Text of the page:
between 91 thru 97 while I was stationed in Portland. It
has always attracted all types of fisherman. The best
thing you can do is just try to be a good example. Don't
think I ever fished that place when there was not a small
crowd. Did extremely well in there with a fly - these
days try to find places that are not too crowded - not
an easy thing to do anymore when chasing Steelies. Trust
me - if you do really well catching Steelies with a fly
rod you will get all kinds of grief - sometimes even
from other fly fishers. Next time you head out to Herman
Creek - just focus on having fun while being responsible.
The second you start catching some fish - you will get
grief, pushed out, crowded etc. Very sad but true. On
the other hand, in another area some guys have actually
moved just so I could fly fish. Think they get a kick
out of the fly fishing action. Now that is a descent
group of local guys.

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Old 08-01-2004, 11:51 AM   #24
rob allen
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Congrats on your first fish on a fly..

I don't know a thing about Herman creek. I do however feel that places that are used by large populations of travelling steelhead as cold water sanctuary should be closed to all angling. These fish are there for a reason, that reason is that they are stressed by the very warm water in the Columbia. I don't know what the water temps are like in Herman creek but i know at Drano lake water temps are barely cooler than in the Columbia and should not be open to angling during the summer.
Also any place where there is a signifigant poaching problem should be closed to all angling.
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Old 08-01-2004, 03:20 PM   #25
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Default Re: Herman Creek

hey Brother I ment next weeknd the 14th if you wanna drift the clack drop me a pm Rp
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Old 08-01-2004, 09:15 PM   #26
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Default Re: Herman Creek

Rob, sounds like you would like to see just about all waters closed. Fish travelling the Columbia pull into many of the tribs as the Columbia warms. Guess the Deschutes and the Klickitat would also fit the bill.

Anyway, I think you are asking for too much especially with the fact you usually argue to kill all hatchery fish no matter where you find them.

As for the poaching problem, why should the law abiding anglers be further deprived of limited fishing areas because of a few problem makers. The answer is enforcement and stiff fines not just close the river. Again, most rivers would be off limits if this was the rule, not the exception.

Do we close all the freeways because of the speeders????

Anyway, we need to do a trip real soon.

Giz....
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Old 08-02-2004, 02:01 AM   #27
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Default Re: Herman Creek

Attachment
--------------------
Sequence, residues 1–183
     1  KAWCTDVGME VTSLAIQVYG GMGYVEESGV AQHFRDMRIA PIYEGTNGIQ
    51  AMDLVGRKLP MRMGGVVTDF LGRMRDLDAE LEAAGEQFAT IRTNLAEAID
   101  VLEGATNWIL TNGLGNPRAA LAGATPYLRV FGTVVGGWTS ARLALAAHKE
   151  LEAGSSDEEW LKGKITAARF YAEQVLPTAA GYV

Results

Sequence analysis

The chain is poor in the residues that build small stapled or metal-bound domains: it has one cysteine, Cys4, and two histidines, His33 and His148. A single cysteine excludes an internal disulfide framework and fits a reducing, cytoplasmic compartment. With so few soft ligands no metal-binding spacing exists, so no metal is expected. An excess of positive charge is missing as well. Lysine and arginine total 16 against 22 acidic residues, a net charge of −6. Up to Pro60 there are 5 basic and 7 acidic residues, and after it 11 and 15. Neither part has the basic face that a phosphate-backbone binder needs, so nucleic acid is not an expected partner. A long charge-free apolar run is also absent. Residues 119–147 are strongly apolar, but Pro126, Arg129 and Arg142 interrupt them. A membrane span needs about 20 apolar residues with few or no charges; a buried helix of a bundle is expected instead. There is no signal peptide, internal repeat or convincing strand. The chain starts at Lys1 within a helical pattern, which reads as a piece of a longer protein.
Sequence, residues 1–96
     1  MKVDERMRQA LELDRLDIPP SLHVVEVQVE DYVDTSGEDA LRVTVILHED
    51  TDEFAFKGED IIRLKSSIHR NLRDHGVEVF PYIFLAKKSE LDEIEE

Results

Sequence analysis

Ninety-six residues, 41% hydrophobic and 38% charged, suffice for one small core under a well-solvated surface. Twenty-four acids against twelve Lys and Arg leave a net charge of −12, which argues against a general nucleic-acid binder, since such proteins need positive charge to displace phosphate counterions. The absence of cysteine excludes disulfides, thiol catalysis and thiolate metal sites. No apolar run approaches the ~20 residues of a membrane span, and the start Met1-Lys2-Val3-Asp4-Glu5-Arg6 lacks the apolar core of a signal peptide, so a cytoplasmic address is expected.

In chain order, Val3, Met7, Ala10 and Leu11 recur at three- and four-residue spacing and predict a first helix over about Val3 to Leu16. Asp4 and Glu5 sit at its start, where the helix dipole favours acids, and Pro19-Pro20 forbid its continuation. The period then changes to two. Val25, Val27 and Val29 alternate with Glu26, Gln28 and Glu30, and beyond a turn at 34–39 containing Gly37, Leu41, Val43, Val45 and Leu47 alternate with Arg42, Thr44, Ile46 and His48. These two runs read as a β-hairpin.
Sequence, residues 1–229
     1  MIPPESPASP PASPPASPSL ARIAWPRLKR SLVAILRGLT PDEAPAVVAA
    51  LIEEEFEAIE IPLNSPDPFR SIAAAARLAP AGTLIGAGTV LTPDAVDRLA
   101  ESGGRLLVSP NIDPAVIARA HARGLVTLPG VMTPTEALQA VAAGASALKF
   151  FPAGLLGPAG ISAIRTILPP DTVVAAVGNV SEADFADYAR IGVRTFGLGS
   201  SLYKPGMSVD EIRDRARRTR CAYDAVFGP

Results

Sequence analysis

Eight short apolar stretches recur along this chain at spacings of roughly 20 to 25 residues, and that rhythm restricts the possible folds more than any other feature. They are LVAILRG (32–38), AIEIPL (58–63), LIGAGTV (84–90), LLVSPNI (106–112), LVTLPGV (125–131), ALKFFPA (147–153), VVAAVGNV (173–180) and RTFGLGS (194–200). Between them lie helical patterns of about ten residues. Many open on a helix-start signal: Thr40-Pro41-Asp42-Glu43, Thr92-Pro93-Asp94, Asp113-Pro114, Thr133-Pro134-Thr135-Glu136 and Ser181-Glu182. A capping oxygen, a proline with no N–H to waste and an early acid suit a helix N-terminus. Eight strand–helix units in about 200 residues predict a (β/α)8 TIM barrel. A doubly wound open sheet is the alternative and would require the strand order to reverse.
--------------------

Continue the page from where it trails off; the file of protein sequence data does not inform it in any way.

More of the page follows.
Rob, you have a valid concern, however the water within the Herman Creek lagoon is stratified into two distinct layers. The top few feet is a layer of warm Columbia River water. The bottom layer is very cold Herman Creek water and is (as you stated) why the fish are there. It is my understanding that temperature related C&R mortality is fairly immediate. Since there isn't anywhere for the fish to go, it would be very obvious if they were dying shortly after release. I also use a fairly heavy tippet (10# maxima) and I don't screw around playing fish too long.

I do know a lot about HC and have observed hundreds of steelhead released over the years, - including well over a hundred myself. In that time I can only count 1 for sure post release mortality, and that was last year when my fishing partner released a 10lb hatchery fish that was hooked behind the tongue but not quite to the throat. We use very small flies and the fish appeared to be OK. Unfortunately, I saw some blood right as it took off, and later it floated up :depressed: . Normally we keep all clipped fish until we are tagged out but it looked like we were going to have a short day so we let it go.

I agree it would be far better for the fish if it were closed to ALL fishing, but that would HAVE to include the indian gill netting. Even the effect the poachers have is infinitesimal in comparison to walls of death the gillnets represent. Of course it would be better for the fish if ALL fisheries were closed, but at HC I strongly believe the angling fishery is better off with the presence of flyfishers.

The poachers know flyfishermen have no tolerance for their activities and alter their behavior accordingly. The bobber guys are pretty intolerant too, but a lot of the corky rippers might not know that. If all the flyfishermen leave out of disgust, it might devolve into a free for all. Closing it because of the poachers will only move the poachers to less visible locations where they can be even more blatant with their methods and what they kill. Where do the closures end?

I believe the best way to fix the angling side of fishery is through tackle regulations. Of course, I would love to see it flyfishing only but as Bill Bakke pointed out to me once, ODFW apparently does not like to draw distinctions between angling methods. I made similar arguments to ODFW a few years ago about Eagle Creek (gorge) which had an even worse snagging problem (buzz bombs no less!). ODFW's response was to close it above the RR bridge after Aug 1st. As much fun I had there catching silvers, I have to admit that this was probably the best decision.